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As You Like It

Shakespeare’s comedy “As You Like It” is at the Indianapolis Repertory Theatre in a well thought out, warmly and passionately presented production. Directors David Hochoy and Janet Allen have brought together their backgrounds in choreogoraphy and research to their mutual benefit. There are some wonderful dance and movement sequences, but clearly the choreography and the overall direction meld.

Music and Soundscape composer Michael Keck’s score leans on the resources of world music for melodies, rhythms, effects and atmospheres. Occasionally the music threatened to overwhelm the play, but most of the time it creatively and often surprisingly supported the action.

William Bloodgood’s elegantly simple design was artfully coupled with Laura Glover’s lighting. The costumes by Lydia Tanji fitted both situations and seasons. They reflected the rigidity of the court and the relaxation of the country, the chill of the winter and the warmth of the return of spring.

Andrew Navarro was passionate and impulsive as the misused younger son of Sr. Rowland de Boys. Matt D’Amico was appropriately nasty as the elder misuser. Gail Rastorfer was a cross-dressing charmer in her doublet and hose. She was ably seconded by partner in adventure Milicent Wright as Celia. Wiley Morris was as attractively easy and amiable as a shepherd as he was as a lord. Robert Johansen was funnier than even I had thought Touchstone could be. When he was paired with the elegant and ultra-flexible Crystal Roberts it was a sight to see.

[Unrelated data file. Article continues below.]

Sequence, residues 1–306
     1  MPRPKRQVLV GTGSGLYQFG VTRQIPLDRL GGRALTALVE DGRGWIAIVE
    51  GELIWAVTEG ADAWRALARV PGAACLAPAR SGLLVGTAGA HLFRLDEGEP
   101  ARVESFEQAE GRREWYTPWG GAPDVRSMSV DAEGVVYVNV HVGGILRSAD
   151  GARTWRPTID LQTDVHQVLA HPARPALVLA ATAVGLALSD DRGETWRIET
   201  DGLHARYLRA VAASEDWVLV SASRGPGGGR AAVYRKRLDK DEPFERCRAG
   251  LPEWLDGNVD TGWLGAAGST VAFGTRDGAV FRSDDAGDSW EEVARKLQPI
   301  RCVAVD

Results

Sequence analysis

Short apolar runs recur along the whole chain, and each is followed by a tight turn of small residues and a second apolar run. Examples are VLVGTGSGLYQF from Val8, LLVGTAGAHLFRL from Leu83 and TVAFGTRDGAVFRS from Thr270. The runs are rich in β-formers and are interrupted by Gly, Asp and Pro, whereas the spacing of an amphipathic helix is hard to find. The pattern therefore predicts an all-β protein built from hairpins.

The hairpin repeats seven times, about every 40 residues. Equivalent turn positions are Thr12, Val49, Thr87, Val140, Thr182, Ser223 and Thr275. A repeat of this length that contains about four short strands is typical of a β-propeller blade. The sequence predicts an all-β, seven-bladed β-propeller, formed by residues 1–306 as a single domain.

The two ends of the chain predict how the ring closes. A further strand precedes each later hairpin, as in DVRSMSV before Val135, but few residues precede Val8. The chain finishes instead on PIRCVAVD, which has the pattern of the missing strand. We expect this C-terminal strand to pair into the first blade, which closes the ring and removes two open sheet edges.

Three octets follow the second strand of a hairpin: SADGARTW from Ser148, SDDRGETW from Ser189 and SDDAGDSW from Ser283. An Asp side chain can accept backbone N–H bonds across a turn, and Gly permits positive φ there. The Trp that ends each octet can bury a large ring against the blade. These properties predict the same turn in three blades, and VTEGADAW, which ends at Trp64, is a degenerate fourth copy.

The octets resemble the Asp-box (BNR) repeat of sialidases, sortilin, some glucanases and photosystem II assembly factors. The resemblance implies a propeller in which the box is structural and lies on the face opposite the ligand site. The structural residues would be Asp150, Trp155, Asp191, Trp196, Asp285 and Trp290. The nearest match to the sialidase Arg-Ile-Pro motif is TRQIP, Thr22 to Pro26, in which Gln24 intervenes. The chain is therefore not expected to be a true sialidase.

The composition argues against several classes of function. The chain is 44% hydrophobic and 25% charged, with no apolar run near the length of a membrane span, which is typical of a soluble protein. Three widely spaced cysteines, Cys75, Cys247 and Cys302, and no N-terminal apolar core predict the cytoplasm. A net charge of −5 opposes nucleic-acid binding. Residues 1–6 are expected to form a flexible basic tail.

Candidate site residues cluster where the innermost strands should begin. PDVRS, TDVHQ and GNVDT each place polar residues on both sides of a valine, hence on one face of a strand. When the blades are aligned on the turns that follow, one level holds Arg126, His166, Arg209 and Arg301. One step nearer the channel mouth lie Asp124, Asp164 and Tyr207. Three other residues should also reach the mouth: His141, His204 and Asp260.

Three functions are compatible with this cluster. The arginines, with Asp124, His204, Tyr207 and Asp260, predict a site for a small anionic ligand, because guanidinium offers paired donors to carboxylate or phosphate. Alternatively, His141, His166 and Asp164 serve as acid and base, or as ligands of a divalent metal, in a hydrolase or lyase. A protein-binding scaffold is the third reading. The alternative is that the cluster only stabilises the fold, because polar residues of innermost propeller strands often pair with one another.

“ As You Like it” comes from the middle period of Shakespeare’s writing, when the poetry, the plot and the characters were in dynamic balance. However, it’s the language that brings us back to the theatre. The IRT’s players have such respect for the words that diction is exemplary. Especially in the second act, the wit and humor simply bubble over.

The Indianapolis Repertory Theatre’s production of “As You Like It” plays on the main stage through April 19th.

George Walker

After completing an M.A.T. degree in English at Indiana University, George Walker began announcing for WFIU in 1967. Along with regularly hosting classical music shows, he interviews artists and reviews plays and operas.

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